This is the Burroughs C3155:
It’s a charming old 1970s calculator rocking a Nixie tube display and an ostensibly 1970s design. It’s also known, maybe more widely, as the Sharp QT-8D, of which it is a clone made by Burroughs for sale in the US. Both devices are pretty much identical, except for the layout of the operation keys.
The calculator’s shape may feel unusual compared to the modern “TI-82” look that pretty much every handheld calculator has nowadays. Circuit miniaturization (which wasn’t really a thing back then, as we’ll see) and display technology constraints are the main culprits for that — it’s really a desktop calculator in the sense that you’re not carrying it around, it’s almost 1.4 kg (3 lbs) and needs 220V AC power to run.
Let’s have a quick look at the back:
I unfortunately am not in possession of the provided silicone cloth, so I’ll skip on cleaning the cabinet (?) for now.
It’s funny to see that such a simple device needs a 7-watt power supply. For a rough back-of-the-envelope comparison, a TI-82 with its three 1.5V AAA batteries only draws around 0.1 watts.
Here are the Nixie tubes in all their glory:
Another even-closer close-up:
The case is easily opened by removing five screws next to the rubber feet. You’ll be happy to know that the calculator was assembled using ISO metric screws, bolts, and nuts:
Here are the two halves of the device:
Close-up of the (dusty) Nixie tubes:
The display assembly is mounted on the main circuit board using some sort of extension port, so it’s easily removable:
The first thing that jumped to my eyes was the peculiar wiring. It’s quite common on old circuits, from before the days of automatic computerized routing and tracing.
Next, we have the four main LSI chips, clockwise:
- a Rockwell NRD2256 keypad decoder
- a Rockwell DC2266 decimal point manager
- a Rockwell AU2271 arithmetic unit/register store (the QT-8D used the AU2276)
- a Rockwell AC2261 control logic unit (the QT-8D used the AC2266)
In the bottom left, we have:
- a Rockwell CG2341 clock generator with its star-shaped heatsink
- a Hitachi HD3103 chip that provides 5 MOSFETs
Notice how the chips are packaged in ceramic instead of the nowadays more usual black plastic.
The rest are passive components, no need to go into details.
Here’s the display block:
From the back:
A close-up on the tubes themselves:
If funky old display tech is your thing, these videos are for you:
- VFD Displays by Posy
- The Art of Making a Nixie Tube by Dalibor Farný
- These digital clocks aren’t digital at all by Technology Connections
Not much to say about the keyboard, it’s a simple matrix of switches:
You’ll notice the function buttons are a bit… unusual. Basically, here’s how to use the calculator:
- Enter the first operand using the keypad
- Choose an operation (using −, +, or ÷ ×)
- Enter the second operand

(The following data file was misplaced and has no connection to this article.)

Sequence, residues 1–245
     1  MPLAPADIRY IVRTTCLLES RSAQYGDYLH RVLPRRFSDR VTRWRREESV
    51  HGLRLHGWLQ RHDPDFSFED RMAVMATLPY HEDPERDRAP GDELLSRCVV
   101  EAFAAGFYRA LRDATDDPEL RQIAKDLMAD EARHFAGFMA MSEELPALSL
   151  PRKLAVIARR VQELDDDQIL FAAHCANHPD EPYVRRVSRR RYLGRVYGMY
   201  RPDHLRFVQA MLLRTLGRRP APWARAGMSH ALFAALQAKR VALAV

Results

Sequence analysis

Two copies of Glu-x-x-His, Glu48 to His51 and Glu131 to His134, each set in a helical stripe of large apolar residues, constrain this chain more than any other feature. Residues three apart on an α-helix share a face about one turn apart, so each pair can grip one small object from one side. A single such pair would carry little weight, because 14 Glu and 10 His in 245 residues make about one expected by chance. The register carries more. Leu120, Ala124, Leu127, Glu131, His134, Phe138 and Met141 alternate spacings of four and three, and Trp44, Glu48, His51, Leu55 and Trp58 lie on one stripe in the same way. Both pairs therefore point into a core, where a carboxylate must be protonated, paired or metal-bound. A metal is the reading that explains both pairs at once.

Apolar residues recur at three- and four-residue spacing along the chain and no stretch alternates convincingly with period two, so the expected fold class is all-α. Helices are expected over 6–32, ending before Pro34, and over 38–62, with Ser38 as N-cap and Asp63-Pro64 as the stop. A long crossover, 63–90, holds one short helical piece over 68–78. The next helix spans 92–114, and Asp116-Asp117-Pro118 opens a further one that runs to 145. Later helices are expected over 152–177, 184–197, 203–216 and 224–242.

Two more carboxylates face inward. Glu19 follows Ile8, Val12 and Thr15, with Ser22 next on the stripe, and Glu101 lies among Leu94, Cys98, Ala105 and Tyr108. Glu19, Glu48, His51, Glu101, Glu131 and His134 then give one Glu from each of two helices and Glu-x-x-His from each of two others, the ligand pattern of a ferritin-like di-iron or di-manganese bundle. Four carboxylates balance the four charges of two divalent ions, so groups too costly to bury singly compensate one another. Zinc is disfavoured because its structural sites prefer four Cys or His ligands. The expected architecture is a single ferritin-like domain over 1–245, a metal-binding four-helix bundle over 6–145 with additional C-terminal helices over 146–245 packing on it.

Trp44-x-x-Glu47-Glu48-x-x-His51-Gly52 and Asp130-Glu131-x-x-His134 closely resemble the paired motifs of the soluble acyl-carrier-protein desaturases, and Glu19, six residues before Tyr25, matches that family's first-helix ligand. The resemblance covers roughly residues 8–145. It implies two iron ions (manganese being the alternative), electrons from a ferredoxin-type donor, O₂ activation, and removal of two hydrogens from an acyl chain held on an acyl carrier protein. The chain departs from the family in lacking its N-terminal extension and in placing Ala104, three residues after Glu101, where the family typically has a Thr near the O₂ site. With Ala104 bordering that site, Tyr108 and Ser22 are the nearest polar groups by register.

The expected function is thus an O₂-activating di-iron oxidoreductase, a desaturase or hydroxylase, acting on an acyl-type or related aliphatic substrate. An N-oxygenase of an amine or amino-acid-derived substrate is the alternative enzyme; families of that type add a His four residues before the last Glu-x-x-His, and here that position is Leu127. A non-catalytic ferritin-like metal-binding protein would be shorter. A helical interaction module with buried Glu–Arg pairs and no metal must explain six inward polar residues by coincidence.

- If you wanted to add, subtract, or multiply, press =, otherwise (if you wanted to divide), press the ≑ key (that’s the key that also has −)
Once an operation has been evaluated, the calculator waits for another input. If you don’t choose an operation, it defaults on addition/subtraction. In other words, 1 + 2 = 3 = will perform
1+2 and then perform
+3 on the result. 5 − 2 = 3 = will perform
5-2 and then perform
-3 on the result.
The calculator doesn’t handle negative numbers; it behaves as if the absolute value was taken after each computation. The only thing resembling negation is the subtraction mode, which is enabled using the − key.
Also, there’s an indicator right above the minus sign in the shape of an uppercase “I” that I haven’t managed to figure out the meaning of, or even to trigger. My first guess was “I” for “Infinite”, but there’s no operation on this basic calculator that could ever give something infinite-like (division by zero is properly handled and triggers an error state, and using numbers that are too large also triggers an error state). If you have any insight on this, please let me know!
Reverse engineering the calculator’s internal logic was… interesting, to say the least.
If the calculator stops responding (with a screen full of zeroes and dots) it means you’re in the “invalid” state
You can try the calculator with this simulator I made.
Disclaimer: I tried my best to reproduce as faithfully as possible the behavior of the calculator, but I can’t guarantee that it’s 100% accurate. For example, I know there are weird things happening when you get a result that doesn’t fit in the calculator’s internal precision, and I haven’t been able to reproduce all of them. This is the only bug I could find, however, so other “weird” behaviors should be those of the real calculator (which is admittedly quite peculiar to use).
Thanks to @mwichary for recreating the Sharp EL-8 font in OTF format!